I’m not going to go into what the Trafigura meme on Twitter refers to, needless to say it can be found pretty easily on the interweb.
Britain’s frightening libel laws are currently being used to issue pre-emptive super-injunctions that not only prevent the media from reporting on cases, but prevent them from from reporting anything about them – even that they’ve been prevented from reporting them.
Traditionally, MPs could use parliamentary privilege to raise or discuss issues otherwise banned from public debate, but the recent emergence of these super-injunctions prevents the press from reporting parliamentary questions, or even referring to them specifically.
In the age of the internet this is quite absurd, like the long-gestating rumour about Andrew Marr that the Labour Party is planning to raise in parliament in revenge over Marr throwing stupid internet rumours at Gordon Brown.
Anyone with the merest hint of internet nous can find out what this refers to.
So, as is the way of things, Trafigura went viral following a written parliamentary question on Monday 12 October.
The Guardian reported that it had been banned from reporting a parliamentary question and Twitter took over.
Only, understandably, Trafigura was deleted from trending topics, despite the fact it was obviously the top-trending topic. One minute it was top, the next it had vanished. Twitter’s trend explanations were also absent from any topics relating to Trafigura.
I don’t blame them, British libel laws are notorious for being swingeing, and Carter-Ruck’s efficacy in the area is well-know.
However, the Private Eye reports that the legal grounding for these super-injunctions is dubious, and the Lib Dems and The Grauniad have promised action on the case.
It’s another case of how futile traditional libel laws are when it comes to social media, and it’s a score for the Twitterverse. Digg users got in on the act too.
Social media may the medium that brings down the use of super-injunctions, having brought the issue out into the light, where the traditional media could not. Fascinating stuff.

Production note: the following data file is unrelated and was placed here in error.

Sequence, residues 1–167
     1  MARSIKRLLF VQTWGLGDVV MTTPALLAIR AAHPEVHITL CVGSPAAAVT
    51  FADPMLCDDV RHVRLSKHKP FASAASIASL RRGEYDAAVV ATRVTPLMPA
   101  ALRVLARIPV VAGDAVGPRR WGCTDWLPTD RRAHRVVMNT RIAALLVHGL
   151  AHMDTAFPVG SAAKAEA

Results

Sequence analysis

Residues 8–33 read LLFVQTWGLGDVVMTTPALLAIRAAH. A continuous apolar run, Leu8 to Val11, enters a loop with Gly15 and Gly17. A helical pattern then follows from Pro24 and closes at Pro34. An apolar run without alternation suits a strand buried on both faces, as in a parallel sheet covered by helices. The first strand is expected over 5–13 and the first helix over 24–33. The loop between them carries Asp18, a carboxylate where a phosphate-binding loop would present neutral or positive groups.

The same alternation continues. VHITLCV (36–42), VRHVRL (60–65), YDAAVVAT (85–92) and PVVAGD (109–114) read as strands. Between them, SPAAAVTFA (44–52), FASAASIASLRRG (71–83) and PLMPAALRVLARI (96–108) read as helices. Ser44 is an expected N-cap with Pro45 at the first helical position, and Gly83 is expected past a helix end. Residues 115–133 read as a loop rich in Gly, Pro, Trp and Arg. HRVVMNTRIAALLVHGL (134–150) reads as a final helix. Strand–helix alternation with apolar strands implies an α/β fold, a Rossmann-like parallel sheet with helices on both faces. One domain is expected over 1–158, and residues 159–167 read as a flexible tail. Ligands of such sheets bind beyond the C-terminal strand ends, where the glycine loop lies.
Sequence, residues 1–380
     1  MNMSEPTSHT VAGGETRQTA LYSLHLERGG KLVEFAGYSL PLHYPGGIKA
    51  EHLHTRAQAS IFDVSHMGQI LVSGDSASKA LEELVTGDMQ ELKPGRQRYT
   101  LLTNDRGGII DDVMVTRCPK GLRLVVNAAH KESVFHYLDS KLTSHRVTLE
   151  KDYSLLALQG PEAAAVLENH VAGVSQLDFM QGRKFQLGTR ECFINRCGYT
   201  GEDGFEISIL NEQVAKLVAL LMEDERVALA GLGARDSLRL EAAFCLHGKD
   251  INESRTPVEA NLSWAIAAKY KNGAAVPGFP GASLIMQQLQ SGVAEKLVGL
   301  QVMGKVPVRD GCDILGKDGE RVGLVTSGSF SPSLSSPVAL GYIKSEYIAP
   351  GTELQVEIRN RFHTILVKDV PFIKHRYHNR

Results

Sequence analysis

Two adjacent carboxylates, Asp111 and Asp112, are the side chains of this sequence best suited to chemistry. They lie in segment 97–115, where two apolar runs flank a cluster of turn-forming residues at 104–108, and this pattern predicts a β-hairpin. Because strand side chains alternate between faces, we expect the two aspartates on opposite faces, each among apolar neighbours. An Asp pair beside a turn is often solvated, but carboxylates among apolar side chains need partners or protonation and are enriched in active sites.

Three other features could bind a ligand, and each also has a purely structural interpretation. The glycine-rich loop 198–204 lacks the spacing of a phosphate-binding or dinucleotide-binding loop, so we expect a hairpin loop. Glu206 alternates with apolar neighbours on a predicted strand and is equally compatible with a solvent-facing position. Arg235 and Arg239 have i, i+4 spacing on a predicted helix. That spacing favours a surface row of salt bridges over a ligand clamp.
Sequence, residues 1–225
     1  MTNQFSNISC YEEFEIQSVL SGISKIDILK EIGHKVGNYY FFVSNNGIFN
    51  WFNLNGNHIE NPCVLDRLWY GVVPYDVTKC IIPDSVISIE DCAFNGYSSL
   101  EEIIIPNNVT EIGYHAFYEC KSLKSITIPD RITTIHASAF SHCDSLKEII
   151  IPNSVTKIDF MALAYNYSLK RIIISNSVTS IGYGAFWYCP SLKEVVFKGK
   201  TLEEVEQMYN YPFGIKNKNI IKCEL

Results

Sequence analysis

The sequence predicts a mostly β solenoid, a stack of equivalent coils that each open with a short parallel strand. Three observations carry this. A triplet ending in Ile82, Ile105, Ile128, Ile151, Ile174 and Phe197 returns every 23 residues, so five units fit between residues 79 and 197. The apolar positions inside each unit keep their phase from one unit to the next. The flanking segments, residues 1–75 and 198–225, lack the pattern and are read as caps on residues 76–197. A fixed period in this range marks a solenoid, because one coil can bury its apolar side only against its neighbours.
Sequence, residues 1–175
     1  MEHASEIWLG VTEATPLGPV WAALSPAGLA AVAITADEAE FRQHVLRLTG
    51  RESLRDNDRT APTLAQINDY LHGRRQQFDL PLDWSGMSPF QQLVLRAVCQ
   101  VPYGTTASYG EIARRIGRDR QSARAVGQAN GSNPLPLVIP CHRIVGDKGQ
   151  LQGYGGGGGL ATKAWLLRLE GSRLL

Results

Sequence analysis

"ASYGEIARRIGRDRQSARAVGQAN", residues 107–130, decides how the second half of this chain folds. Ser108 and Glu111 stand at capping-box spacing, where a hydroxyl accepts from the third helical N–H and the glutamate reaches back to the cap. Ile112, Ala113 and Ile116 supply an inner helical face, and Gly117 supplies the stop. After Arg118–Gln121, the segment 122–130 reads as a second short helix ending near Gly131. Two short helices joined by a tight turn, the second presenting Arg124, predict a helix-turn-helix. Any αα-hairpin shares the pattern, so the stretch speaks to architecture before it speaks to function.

All the relevant keywords are back on Twitter, though Twitter is not explaining the reason for them trending, as it does with other trends.
The Torygraph is now reporting the Twitter/Trafigura phenomenon in a carefully-worded article, though its report features no mention of The Guardian.
While people have been sued for their tweets before, it’s not clear how the tens of thousands of people who have now tweeted about the injunction could be sued, or whether there’d be much point.
The press will continue to tread a cautious line until such an order is lifted though, with their legal situation less opaque than that of social media sites and individuals.
The Guardian is currently attempting to challenge the injunction in court and the Liberal Democrat are seeking a debate in Parliament.
And here’s the Minton Report, which kicked off all of today’s shenanigans.
So, to sum up, this is currently being reported all over social media, the world’s foreign media and can be easily found on the Parliament website.
The greatest irony of all is that no-one had heard of Trafigura until today.
• Here’s a Tweetmap image showing trending topics in Europe this morning. The fact that Twitter feeds are among the most automatically aggregated on the planet also indicates just how impossible it is to police social media.
Carter-Ruck gives up. Social media win.
What happens next?
It’s unlikely to get any better for Trafigura and Carter-Ruck according to Techchrunch